It’s understandable that people would be upset by this kind of treatment. Over 100 people gathered at the scene, shouting at police to help him. This, really, was the first protest. But this kind of behavior seems par for the course in Ferguson. Racial profiling in stops, searches, and arrests is through the roof. Black residents are now so used to this that they refer to it as DWB: driving while black. Like in many other cities, Ferguson’s court fees and no-payment fines disproportionately affect low-income and African-American citizens, essentially returning “debtor’s prison” to the city. In one 2009 incident, not only did police arrest the wrong man, they beat him repeatedly, charged him with “Destruction of Property” for bleeding on their uniforms, and miraculously lost the tapes of the incident even though the jail was equipped with video cameras. In 2013 a lieutenant was fired for alleged racial profiling, saying things like “Let’s have a black day,” and “Let’s make the cells more colorful.” Ferguson’s police reports have been rejected by the Missouri Department of Public Safety for “major errors in data.” In fact, the entire department has a shockingly lax policy for “use of force” reporting. Not that any police anywhere do much better. During the protests last week, one cop was captured on video shouting, “Bring it, you fucking animals! I don’t give a shit! Bring it!” Another was filmed yelling to a demonstrator, “I will fucking kill you!” A National Guardsman even told reporters, “You never know what these n*****s will do.” These tensions date back at least a decade.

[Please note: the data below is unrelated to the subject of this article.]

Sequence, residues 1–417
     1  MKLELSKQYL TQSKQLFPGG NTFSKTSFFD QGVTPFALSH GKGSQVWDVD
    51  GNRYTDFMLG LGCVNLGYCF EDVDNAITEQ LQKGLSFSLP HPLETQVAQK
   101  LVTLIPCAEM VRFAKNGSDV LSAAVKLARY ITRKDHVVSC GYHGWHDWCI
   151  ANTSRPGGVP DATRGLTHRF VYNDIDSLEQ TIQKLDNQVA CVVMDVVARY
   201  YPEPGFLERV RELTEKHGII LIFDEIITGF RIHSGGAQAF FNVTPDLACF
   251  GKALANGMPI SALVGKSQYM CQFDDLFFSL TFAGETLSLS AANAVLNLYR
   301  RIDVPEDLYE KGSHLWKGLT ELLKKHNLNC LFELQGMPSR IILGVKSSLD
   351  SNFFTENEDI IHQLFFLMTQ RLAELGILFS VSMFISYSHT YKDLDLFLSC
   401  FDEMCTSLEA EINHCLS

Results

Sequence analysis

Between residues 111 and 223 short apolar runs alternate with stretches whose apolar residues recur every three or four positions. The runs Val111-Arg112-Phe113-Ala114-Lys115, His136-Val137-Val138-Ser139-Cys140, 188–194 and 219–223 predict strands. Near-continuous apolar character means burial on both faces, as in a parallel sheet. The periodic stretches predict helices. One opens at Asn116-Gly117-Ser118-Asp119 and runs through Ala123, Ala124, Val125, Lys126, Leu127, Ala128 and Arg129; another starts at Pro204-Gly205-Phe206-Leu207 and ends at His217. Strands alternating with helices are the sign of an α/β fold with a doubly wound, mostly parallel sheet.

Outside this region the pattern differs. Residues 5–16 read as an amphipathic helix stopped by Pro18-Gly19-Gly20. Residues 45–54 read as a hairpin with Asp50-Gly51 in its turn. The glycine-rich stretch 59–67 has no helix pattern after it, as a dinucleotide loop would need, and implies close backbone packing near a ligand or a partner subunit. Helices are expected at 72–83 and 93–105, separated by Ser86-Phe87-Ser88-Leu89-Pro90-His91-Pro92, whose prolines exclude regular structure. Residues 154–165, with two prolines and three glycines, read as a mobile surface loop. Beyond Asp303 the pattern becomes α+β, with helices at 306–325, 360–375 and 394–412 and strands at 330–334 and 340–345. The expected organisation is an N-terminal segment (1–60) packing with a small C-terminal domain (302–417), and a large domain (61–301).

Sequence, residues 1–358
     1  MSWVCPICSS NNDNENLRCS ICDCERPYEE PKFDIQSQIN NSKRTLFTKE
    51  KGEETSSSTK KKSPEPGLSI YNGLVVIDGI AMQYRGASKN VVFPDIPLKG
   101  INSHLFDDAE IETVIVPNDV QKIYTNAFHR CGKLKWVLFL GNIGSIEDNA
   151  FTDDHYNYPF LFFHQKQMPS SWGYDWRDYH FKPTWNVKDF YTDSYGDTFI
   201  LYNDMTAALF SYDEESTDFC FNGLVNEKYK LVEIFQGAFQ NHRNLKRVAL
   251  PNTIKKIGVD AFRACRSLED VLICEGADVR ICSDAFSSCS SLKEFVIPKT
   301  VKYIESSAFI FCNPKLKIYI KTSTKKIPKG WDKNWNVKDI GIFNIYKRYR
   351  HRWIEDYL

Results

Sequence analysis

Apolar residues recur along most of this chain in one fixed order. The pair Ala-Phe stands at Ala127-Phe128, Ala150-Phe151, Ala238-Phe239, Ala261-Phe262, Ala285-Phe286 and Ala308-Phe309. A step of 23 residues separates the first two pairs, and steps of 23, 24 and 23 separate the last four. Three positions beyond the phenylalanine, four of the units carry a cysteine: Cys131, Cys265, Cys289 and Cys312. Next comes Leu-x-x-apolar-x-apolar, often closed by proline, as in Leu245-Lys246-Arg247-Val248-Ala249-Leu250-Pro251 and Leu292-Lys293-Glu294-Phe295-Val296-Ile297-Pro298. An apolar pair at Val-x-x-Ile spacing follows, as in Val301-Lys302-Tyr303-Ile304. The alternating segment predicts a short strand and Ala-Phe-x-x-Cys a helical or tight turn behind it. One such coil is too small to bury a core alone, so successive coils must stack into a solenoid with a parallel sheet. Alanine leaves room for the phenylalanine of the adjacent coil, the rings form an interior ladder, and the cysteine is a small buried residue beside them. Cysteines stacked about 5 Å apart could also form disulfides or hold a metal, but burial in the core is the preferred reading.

There are, therefore, good and understandable reasons for the community of Ferguson to look with suspicion at the idea of an internal investigation conducted by the very police who shot and killed Michael Brown. The Blue Code of Silence, the tendency of police to support one another when questions are raised, is a widespread problem. Thus, protestors want the Missouri prosecutor responsible for the Brown shooting case to recuse himself due to deep family ties to the Ferguson police department.

Officer Wilson was glowingly described in the Washington Post by friends as “always nice, respectable and well-mannered, a gentleman. He doesn’t have anything bad to say about anybody, ever. He’s very genuine.” And naturally when this is said about a white police officer, we tend to believe it. But when Michael Brown is remembered as a “gentile giant,” it sparks mockery from standard rightwing news sites. Such is the nature of racial disparity and trust in this country. For white, average Americans like us, it is easy to expect and depend upon the belief that the police are here to help and protect us because we benefit from indirect racial privilege. But for African Americans, it is hard to see the police as anything but an occupying power of oppression and prejudice. So much so, in fact, that Palestinians began tweeting advice to Ferguson protesters on how to deal with occupation. It is easy to see how such frustrations can build when you realize that at least two black men are killed by police every week, as illustrated by the fact that within a week of the Michael Brown shooting another unarmed black man was killed in L.A., and a mentally ill black man shot dead only miles from where Brown himself was killed.

In short, this is a complicated incident with a complicated history behind it, and it is best to be cautious about deciding who was at fault. In particular we should remember that Michael Brown is not around to defend himself. The burden of proof is on Officer Wilson to prove justifiable cause regarding his decision to shoot and kill an unarmed teenager with no record of criminal history on his way home from the store in the mid-morning of August 9th, and the evidence for that case should be held to the very highest of standards.